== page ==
<Function definitions>+=
int flush_buffer(FILE *f) {
    if (bits_in_buffer) {
        size_t bytes_written =
            fwrite(buffer, 1,
                (bits_in_buffer + 7) >> 3, f);
        if (bytes_written < MAX_BUFFER_SIZE && ferror(f))
            return -1;
        bits_in_buffer = 0;
    return 0;

To prevent bit reads from input files already at the end-of-file, we maintain the following Boolean state which is set to 1 when not more bits are available.

<Data structures>+=
int eof_input = 0;

The function read_bit() reads a bit from the file f. We read a full buffer at a time, and return bits from this buffer. The buffer is replenished with more bits from the file when empty.

<Function definitions>+=
int read_bit(FILE *f) {
    <Fill buffer with bytes from file>
    if (bits_in_buffer == 0)
        return END_OF_FILE;
    int bit = (buffer[current_bit >> 3] >>
        (7 - current_bit % 8)) & 0x1;
    return bit;

<Fill buffer with bytes from file>=
if (current_bit == bits_in_buffer) {
    if (eof_input)
        return END_OF_FILE;
    else {
        size_t bytes_read =
            fread(buffer, 1, MAX_BUFFER_SIZE, f);
        if (bytes_read < MAX_BUFFER_SIZE) {
            if (feof(f))
                eof_input = 1;
        bits_in_buffer = bytes_read << 3;
        current_bit = 0;

Communicating the alphabet frequencies  

The classic Huffman coding requires transmitting the frequencies of the alphabets. This is written to the encoded file as a header. The header has the following structure:

Field Size Description
original_size sizeof(int) Number of bytes in the original data stream.
num_active 1 byte Number of active alphabets.
Alphabet frequency 1 byte + sizeof(int) First byte gives alphabet code; the rest gives the frequency.

We should use fixed length fields with proper byte-ordering; however, we have simplified it here for brevity. Furthermore, for real-life files, the frequency of alphabets can be much higher than stipulated here. Hence, in production implementations the header should take these limitations into account.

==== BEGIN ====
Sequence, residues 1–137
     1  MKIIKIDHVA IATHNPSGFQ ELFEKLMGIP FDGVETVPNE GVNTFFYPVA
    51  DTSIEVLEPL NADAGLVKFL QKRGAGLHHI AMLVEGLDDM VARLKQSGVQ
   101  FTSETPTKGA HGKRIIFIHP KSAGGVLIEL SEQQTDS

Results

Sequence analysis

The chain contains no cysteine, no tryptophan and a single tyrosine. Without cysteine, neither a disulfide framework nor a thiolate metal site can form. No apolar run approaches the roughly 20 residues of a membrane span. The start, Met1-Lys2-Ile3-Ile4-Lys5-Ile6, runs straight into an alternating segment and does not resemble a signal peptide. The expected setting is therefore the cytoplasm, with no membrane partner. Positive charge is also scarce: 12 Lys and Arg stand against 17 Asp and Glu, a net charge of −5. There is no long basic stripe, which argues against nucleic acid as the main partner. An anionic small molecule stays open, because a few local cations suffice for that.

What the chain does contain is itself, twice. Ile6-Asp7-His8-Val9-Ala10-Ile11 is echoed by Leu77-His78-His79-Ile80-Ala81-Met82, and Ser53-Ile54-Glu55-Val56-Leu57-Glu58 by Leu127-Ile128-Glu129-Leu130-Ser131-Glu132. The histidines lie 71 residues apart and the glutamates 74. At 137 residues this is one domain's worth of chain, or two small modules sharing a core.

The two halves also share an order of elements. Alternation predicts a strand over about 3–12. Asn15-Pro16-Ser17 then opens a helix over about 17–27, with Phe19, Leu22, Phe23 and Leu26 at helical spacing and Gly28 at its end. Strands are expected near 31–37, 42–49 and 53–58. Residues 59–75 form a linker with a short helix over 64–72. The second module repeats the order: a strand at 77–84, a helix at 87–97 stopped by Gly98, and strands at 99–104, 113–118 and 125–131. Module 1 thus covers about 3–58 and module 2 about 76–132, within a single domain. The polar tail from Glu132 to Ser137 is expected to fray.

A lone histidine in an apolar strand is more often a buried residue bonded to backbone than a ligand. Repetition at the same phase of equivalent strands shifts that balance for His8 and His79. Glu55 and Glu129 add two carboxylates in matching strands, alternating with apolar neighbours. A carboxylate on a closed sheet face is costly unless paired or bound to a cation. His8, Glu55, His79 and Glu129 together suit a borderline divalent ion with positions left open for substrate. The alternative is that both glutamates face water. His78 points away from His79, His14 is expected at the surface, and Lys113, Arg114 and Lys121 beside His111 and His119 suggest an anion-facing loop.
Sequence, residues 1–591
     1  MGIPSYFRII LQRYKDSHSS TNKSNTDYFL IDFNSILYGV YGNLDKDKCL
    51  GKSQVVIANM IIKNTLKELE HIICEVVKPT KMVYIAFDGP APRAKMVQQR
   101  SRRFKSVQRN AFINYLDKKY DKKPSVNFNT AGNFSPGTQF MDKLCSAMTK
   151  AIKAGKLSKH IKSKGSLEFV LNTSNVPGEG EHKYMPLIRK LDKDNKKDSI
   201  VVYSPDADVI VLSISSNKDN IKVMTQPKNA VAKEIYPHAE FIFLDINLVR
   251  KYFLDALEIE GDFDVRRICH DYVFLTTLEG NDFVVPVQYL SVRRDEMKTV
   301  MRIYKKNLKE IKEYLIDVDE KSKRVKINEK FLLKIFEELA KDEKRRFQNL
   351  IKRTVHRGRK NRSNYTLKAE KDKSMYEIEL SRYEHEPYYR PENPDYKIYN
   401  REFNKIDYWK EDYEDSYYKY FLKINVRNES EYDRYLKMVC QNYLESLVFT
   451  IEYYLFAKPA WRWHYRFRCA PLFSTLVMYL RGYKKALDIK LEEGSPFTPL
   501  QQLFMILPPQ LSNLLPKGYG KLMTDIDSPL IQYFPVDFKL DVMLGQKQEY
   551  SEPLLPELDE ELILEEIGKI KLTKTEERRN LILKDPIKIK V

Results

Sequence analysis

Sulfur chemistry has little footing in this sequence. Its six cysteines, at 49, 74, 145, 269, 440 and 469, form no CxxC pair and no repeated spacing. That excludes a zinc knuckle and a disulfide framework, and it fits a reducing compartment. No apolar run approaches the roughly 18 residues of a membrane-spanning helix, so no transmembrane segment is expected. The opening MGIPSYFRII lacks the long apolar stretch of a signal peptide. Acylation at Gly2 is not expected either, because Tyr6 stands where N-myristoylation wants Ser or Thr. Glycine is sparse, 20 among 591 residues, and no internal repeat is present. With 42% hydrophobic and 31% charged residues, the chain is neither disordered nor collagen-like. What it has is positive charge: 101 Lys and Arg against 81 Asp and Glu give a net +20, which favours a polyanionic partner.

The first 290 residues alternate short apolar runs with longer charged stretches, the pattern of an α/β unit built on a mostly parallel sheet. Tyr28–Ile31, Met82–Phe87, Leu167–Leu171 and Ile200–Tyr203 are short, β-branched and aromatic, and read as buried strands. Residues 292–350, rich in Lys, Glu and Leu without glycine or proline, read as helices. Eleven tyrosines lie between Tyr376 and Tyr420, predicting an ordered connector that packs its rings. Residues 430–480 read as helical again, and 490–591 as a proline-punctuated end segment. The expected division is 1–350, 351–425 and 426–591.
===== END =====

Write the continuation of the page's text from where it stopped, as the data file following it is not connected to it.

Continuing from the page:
Since write_header() uses the nodes array, it is important to write this header after inserting all of the leaves, but before building the coding tree. This is necessary because once the tree starts to build, the leaves may move to the right to preserve non-decreasing weights, and therefore may not be consecutive.

<Function definitions>+=
int write_header(FILE *f) {
     int i, j, byte = 0,
         size = sizeof(unsigned int) + 1 +
              num_active * (1 + sizeof(int));
     unsigned int weight;
     char *buffer = (char *) calloc(size, 1);
     if (buffer == NULL)
         return MEM_ALLOC_FAIL;

     j = sizeof(int);
     while (j--)
         buffer[byte++] =
             (original_size >> (j << 3)) & 0xff;
     buffer[byte++] = (char) num_active;
     for (i = 1; i <= num_active; ++i) {
         weight = nodes[i].weight;
         buffer[byte++] =
             (char) (-nodes[i].index - 1);
         j = sizeof(int);
         while (j--)
             buffer[byte++] =
                 (weight >> (j << 3)) & 0xff;
     fwrite(buffer, 1, size, f);
     return 0;

When decoding the encoded file, we simply read back the header and retrieve the active alphabets and corresponding frequencies. Once this is done, we can rebuild the coding tree.

<Function definitions>+=
int read_header(FILE *f) {
     int i, j, byte = 0, size;
     size_t bytes_read;
     unsigned char buff[4];

     bytes_read = fread(&buff, 1, sizeof(int), f);
     if (bytes_read < 1)
         return END_OF_FILE;
     byte = 0;
     original_size = buff[byte++];
     while (byte < sizeof(int))
         original_size =
             (original_size << (1 << 3)) | buff[byte++];

     bytes_read = fread(&num_active, 1, 1, f);
     if (bytes_read < 1)
         return END_OF_FILE;


     size = num_active * (1 + sizeof(int));
     unsigned int weight;
     char *buffer = (char *) calloc(size, 1);
     if (buffer == NULL)
         return MEM_ALLOC_FAIL;
     fread(buffer, 1, size, f);
     byte = 0;
     for (i = 1; i <= num_active; ++i) {
         nodes[i].index = -(buffer[byte++] + 1);
         j = 0;
         weight = (unsigned char) buffer[byte++];
         while (++j < sizeof(int)) {
             weight = (weight << (1 << 3)) |
                 (unsigned char) buffer[byte++];
         nodes[i].weight = weight;
     num_nodes = (int) num_active;
     return 0;

<Function definitions>+=
void print_help() {
          "USAGE: ./huffman [encode | decode] "
          "<input out> <output file>\n");

<The main program>=
int main(int argc, char **argv) {
    if (argc != 4) {
        return FAILURE;
    if (strcmp(argv[1], "encode") == 0)
        encode(argv[2], argv[3]);
    else if (strcmp(argv[1], "decode") == 0)
        decode(argv[2], argv[3]);
    return SUCCESS;

<Constant declarations>+=
#define FAILURE 1
#define SUCCESS 0
#define FILE_OPEN_FAIL -1
#define END_OF_FILE -1
#define MEM_ALLOC_FAIL -1

<Include libraries>=
#include <stdio.h>
#include <stdlib.h>
#include <string.h>

<Function declarations>=
int read_header(FILE *f);
int write_header(FILE *f);
int read_bit(FILE *f);
int write_bit(FILE *f, int bit);
int flush_buffer(FILE *f);
void decode_bit_stream(FILE *fin, FILE *fout);
int decode(const char* ifile, const char *ofile);
void encode_alphabet(FILE *fout, int character);
int encode(const char* ifile, const char *ofile);
void build_tree();
void add_leaves();
int add_node(int index, int weight);
void finalise();
void init();

<Include libraries>
<Constant declarations>
<Data structures>
<Function declarations>
<Function definitions>
<The main program>